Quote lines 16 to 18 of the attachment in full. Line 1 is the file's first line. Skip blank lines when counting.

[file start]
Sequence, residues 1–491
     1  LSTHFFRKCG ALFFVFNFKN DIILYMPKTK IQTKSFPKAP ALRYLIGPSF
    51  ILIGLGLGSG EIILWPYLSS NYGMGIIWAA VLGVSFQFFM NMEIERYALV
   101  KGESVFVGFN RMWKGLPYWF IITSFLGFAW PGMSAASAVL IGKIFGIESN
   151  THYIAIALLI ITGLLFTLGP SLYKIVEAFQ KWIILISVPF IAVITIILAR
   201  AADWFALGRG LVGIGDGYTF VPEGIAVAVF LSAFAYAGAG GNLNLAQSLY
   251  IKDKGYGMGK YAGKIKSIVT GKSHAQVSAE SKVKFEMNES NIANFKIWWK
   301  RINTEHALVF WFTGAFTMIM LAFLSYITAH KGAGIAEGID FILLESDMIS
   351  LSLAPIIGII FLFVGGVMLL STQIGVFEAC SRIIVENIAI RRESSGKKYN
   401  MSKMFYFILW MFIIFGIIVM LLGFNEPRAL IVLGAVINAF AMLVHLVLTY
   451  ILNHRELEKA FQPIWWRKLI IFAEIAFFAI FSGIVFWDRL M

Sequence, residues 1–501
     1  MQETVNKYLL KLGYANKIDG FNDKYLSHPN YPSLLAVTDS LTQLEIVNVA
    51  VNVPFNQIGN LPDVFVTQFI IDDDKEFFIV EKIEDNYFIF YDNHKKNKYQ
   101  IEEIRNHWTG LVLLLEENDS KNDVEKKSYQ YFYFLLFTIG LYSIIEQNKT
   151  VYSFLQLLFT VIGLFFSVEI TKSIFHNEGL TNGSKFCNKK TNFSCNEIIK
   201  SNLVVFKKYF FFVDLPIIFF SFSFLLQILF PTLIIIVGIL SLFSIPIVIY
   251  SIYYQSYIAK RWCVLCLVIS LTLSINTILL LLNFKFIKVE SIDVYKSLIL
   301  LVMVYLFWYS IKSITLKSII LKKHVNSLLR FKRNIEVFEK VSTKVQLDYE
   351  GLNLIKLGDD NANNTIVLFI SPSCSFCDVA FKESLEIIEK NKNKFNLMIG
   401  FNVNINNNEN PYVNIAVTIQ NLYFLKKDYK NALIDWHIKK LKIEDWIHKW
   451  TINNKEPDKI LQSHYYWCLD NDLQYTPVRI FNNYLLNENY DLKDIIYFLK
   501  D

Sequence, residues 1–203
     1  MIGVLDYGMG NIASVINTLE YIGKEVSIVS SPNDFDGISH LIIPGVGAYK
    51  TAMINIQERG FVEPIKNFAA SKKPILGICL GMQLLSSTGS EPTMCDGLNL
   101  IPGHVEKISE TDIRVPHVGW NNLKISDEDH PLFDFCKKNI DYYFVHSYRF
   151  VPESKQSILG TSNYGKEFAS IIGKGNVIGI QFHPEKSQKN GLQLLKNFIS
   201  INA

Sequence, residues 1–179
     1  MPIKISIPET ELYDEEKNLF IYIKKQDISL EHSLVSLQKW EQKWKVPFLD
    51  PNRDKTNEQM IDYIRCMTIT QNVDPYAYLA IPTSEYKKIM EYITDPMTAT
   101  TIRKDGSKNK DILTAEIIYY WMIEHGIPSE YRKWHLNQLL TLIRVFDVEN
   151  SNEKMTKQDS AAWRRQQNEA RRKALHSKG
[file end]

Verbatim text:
   151  VYSFLQLLFT VIGLFFSVEI TKSIFHNEGL TNGSKFCNKK TNFSCNEIIK
   201  SNLVVFKKYF FFVDLPIIFF SFSFLLQILF PTLIIIVGIL SLFSIPIVIY
   251  SIYYQSYIAK RWCVLCLVIS LTLSINTILL LLNFKFIKVE SIDVYKSLIL